Enhancing consumer engagement in an online brand community via user reputation signals: a multi-method analysis

Abstract

Generating and maintaining consumers’ engagement in online brand communities is critical for marketing managers to enhance relationships and gain customer loyalty. In this research, we investigate how the type of signal used to indicate user reputation can enhance (or diminish) consumers’ community engagement. Specifically, we explore differences in perceptions of points (i.e., point accrual systems), labels (i.e., descriptive, hierarchical identification systems), and badges (i.e., descriptive, horizontally-ordered identification systems). We argue that reputation signals vary in the degree to which they can provide role clarity—the presence of user roles that deliver information about expected behaviors within a group. Across several studies, including a natural experiment using panel data, a survey of community members, and two controlled experiments, we show that signals that evoke a positive social role have the ability to drive greater engagement (i.e., creating discussions, posting comments, and future engagement intentions) than signals that do not provide role clarity. The effect is moderated by user tenure, such that new consumers’ engagement is particularly influenced by signal type. These findings have important implications for marketers as they use reputation signals as a strategic tool when managing online communities.

This is a preview of subscription content, access via your institution.

Fig. 1
Fig. 2
Fig. 3
Fig. 4

Notes

  1. 1.

    In a small percentage of cases, the highest performing community members were also provided with a “Pillar” icon that indicated their high status in the community.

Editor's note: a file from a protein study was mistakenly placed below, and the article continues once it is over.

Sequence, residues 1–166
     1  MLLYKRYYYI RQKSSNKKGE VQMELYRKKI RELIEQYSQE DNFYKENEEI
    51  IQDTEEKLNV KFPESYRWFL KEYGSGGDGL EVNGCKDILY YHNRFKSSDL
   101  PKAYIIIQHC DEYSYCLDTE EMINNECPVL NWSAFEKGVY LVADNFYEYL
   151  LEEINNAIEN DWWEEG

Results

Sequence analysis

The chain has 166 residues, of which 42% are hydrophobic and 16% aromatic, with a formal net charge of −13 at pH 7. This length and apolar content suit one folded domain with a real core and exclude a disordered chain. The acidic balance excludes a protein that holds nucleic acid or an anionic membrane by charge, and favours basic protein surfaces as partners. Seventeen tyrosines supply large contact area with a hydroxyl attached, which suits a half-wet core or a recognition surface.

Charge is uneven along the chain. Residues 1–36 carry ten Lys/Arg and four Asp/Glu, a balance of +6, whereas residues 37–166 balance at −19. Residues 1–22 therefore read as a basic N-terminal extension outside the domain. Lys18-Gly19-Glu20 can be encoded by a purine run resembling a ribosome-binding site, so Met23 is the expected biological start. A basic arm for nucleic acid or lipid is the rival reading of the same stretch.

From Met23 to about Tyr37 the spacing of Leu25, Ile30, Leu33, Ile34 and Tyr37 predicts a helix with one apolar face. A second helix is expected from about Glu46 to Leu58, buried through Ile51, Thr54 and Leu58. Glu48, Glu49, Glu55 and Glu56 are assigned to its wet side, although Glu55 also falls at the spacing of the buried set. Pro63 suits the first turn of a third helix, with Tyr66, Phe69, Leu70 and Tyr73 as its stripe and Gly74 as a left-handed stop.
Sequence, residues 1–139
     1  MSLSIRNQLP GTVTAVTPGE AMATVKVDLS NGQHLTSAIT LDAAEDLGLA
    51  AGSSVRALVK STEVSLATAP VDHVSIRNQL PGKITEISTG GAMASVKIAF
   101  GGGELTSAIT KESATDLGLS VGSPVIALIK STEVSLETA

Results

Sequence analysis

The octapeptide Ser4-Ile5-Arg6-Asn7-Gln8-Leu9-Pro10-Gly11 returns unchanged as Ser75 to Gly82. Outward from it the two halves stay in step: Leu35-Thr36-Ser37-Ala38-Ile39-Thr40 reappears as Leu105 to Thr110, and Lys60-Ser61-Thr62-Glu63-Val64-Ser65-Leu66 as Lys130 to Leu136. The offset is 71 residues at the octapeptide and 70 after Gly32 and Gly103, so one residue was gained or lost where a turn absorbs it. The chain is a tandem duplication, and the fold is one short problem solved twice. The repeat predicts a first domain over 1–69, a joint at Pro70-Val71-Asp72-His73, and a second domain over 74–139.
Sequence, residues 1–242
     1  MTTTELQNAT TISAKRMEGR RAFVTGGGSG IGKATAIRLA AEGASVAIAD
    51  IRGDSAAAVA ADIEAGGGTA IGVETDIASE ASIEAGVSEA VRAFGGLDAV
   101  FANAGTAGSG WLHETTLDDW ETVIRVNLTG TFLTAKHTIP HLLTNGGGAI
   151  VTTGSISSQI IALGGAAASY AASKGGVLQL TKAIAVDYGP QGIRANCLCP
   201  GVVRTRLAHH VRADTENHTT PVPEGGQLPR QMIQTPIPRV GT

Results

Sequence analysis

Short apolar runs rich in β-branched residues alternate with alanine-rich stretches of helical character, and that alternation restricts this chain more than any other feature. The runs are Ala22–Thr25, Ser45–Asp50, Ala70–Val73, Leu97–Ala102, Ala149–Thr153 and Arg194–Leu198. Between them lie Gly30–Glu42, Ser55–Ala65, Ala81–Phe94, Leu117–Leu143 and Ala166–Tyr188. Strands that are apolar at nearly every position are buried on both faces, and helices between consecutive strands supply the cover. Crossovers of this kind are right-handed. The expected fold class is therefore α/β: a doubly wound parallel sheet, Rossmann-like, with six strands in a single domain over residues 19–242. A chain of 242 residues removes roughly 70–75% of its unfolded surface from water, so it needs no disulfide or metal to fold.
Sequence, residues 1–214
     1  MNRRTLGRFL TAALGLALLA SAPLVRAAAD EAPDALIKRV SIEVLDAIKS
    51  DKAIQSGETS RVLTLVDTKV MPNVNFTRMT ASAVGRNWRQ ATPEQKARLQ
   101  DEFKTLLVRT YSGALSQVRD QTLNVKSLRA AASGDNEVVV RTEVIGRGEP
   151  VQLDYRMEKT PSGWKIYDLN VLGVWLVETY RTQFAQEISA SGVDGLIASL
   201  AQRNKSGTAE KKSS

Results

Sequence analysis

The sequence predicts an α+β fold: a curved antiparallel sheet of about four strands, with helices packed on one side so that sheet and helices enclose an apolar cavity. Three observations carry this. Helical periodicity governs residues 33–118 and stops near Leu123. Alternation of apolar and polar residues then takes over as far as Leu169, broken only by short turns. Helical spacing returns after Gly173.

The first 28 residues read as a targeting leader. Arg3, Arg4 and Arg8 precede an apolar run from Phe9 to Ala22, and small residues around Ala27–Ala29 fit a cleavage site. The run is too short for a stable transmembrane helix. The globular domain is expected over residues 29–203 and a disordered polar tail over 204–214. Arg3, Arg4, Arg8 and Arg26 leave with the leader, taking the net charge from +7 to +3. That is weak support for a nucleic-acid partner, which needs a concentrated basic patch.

2. 2.

    We compared the dataset with incompletes to the dataset of completes to ensure that the distribution of members along the user tenure variable was similar and that there was no apparent selection bias. The distribution proved to be very similar with frequencies within 1–2%. We also compared early responders to late responders and found no significant difference in responses.

References

  1. Adjei, M. T., Noble, S. M., & Noble, C. H. (2010). The influence of C2C communications in online brand communities on customer purchase behavior. Journal of the Academy of Marketing Science, 38(5), 634–653.

    Article  Google Scholar 

  2. Allen, D. G. (2006). Do organizational socialization tactics influence newcomer embeddedness and turnover? Journal of Management, 32(2), 237–256.

    Article  Google Scholar 

  3. Ashforth, B. E., & Mael, F. (1989). Social identity theory and the organization. Academy of Management Review, 14(1), 20–39.

    Article  Google Scholar 

  4. Ba, S. (2001). Establishing online trust through a community responsibility system. Decision Support Systems, 31(3), 323–336.

    Article  Google Scholar 

  5. Bauer, T. N., Bodner, T., Erdogan, B., Truxillo, D. M., & Tucker, J. S. (2007). Newcomer adjustment during organizational socialization: A meta-analytic review of antecedents, outcomes, and methods. Journal of Applied Psychology, 92(3), 707–721.

    Article  Google Scholar 

  6. Bhattacharya, C. B., & Sen, S. (2003). Consumer–company identification: A framework for understanding consumers’ relationships with companies. Journal of Marketing, 67(2), 76–88.

    Article  Google Scholar 

  7. Bishop, J. (2007). Increasing participation in online communities: A framework for human-computer interaction. Computers in Human Behavior, 23(4), 1881–1893.

    Article  Google Scholar 

  8. Bolton, C. D. (1981). Some consequences of the meadian self. Symbolic Interaction, 4(2), 245–259.

    Article  Google Scholar 

  9. Bolton, G. E., Katok, E., & Ockenfels, A. (2004). How effective are electronic reputation mechanisms? An experimental investigation. Management Science, 50(11), 1587–1602.

    Article  Google Scholar 

  10. Brodie, R. J., Ilic, A., Juric, B., & Hollebeek, L. (2013). Consumer engagement in a virtual brand community: An exploratory analysis. Journal of Business Research, 66(1), 105–114.

    Article  Google Scholar 

  11. Burke, P. J., & Stets, J. E. (1999). Trust and commitment through self-verification. Social Psychology Quarterly, 62(4), 347–366.

    Article  Google Scholar 

  12. Callero, P. L. (1985). Role-identity salience. Social Psychology Quarterly, 48(3), 203–215.

    Article  Google Scholar 

  13. Carron, A. V., Brawley, L. R., & Widmeyer, W. N. (1998). The measurement of cohesiveness in sport groups. Advances in Sport and Exercise Psychology Measurement, 213–226.

  14. Chen, Y., Harper, F. M., Konstan, J., & Li, S. X. (2010). Social comparisons and contributions to online communities: A field experiment on Movielens. American Economic Review, 100(4), 1358–1398.